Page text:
“Maybe something happened,” Severino said. “I can’t say nothing. But I’m happy now they found out what was going on and we are on the right way to fix it.”
Severino said he has five more weeks in which he would receive treatment without throwing. After that, he hopes to resume some baseball activities. He didn’t have a return date to the major leagues in mind yet.
“I just want to get healthy and help the team to come back,” he said.
Severino is just one of many Yankees’ injuries this season. Their 12 players on the injured list are the most in the major leagues. When first baseman Greg Bird landed on the I.L. on Tuesday with a torn plantar fascia in his left foot, he was the 13th Yankees player to have landed on the I.L. this year.
Injuries are inevitable during a long regular season. Third baseman Miguel Andujar suffered a small labral tear in his right shoulder when diving back to a base. Catcher Gary Sanchez, who could return as soon as Sunday, sustained a left calf strain when he scrambled back to third base on a pickoff attempt, Cashman said.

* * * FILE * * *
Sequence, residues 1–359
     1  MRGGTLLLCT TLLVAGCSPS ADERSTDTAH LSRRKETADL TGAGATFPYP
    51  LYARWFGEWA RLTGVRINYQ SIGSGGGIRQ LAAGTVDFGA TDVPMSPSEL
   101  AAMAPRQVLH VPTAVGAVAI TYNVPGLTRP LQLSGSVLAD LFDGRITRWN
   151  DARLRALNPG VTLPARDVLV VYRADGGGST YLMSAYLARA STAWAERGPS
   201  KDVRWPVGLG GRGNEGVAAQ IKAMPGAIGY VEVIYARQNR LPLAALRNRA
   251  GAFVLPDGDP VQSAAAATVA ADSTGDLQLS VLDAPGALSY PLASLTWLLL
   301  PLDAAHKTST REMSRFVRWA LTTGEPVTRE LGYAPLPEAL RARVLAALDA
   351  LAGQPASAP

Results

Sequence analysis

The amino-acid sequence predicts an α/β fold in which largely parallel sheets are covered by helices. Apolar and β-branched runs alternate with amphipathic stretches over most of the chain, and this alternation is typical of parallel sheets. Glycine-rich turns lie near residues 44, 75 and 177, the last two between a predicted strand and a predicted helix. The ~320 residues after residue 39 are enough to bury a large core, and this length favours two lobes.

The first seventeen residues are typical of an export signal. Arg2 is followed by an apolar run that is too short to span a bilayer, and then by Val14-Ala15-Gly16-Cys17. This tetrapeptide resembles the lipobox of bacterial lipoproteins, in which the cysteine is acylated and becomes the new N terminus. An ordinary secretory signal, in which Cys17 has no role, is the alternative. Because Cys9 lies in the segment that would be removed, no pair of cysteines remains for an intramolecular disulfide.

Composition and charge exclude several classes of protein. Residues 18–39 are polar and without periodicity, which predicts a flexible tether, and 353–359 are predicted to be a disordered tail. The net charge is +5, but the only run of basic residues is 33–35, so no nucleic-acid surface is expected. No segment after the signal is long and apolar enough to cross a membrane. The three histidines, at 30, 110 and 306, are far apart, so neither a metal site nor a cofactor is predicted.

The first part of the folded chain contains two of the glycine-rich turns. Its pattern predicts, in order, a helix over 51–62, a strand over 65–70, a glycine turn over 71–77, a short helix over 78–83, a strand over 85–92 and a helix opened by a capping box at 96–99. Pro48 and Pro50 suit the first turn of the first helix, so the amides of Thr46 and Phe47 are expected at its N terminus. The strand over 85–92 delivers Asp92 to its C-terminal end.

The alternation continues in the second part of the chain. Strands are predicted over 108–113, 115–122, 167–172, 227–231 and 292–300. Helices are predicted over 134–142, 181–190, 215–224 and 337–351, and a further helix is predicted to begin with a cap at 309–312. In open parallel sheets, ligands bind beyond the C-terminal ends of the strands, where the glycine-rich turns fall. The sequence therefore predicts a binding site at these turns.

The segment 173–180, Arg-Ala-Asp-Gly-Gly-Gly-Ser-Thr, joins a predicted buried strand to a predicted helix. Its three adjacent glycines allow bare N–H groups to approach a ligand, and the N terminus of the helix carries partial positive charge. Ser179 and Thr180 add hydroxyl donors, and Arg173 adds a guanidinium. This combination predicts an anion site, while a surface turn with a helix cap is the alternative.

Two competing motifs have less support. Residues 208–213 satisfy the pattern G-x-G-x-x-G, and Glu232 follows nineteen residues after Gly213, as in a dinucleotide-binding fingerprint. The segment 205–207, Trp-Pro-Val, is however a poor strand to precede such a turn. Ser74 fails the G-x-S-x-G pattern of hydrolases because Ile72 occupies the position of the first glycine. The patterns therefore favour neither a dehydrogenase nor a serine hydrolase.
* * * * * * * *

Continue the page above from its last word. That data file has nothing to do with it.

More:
But the sheer number of injuries in a short span, particularly when some have lingered far longer than first expected, has raised questions about the Yankees’ medical procedures. Throughout these weeks, Cashman said his belief in the team’s training and medical staffs, which work in conjunction with NewYork-Presbyterian Hospital/Columbia University Medical Center, has remained high.
“We have tremendous people,” Cashman said. “And as I’ve said and we’ve talked about in our meetings, it’s a party line, too.”
And by that, Cashman meant that certain injured Yankees — including relief pitcher Dellin Betances, who was dealt a setback in his rehabilitation from a shoulder injury and will miss another six to seven weeks — received a second opinion from a doctor requested by their agents. Center fielder Aaron Hicks, who was originally expected to miss only a few days in March with a back injury but has not yet returned, was also sent to an outside back specialist in Florida during his rehabilitation.
“So as we’re walking through this in real time, we’re giving information that we’re getting on the front end from experts,” Cashman said. “We think this is going to be fine and he’ll get through it, and then we have to go into an even further dive.”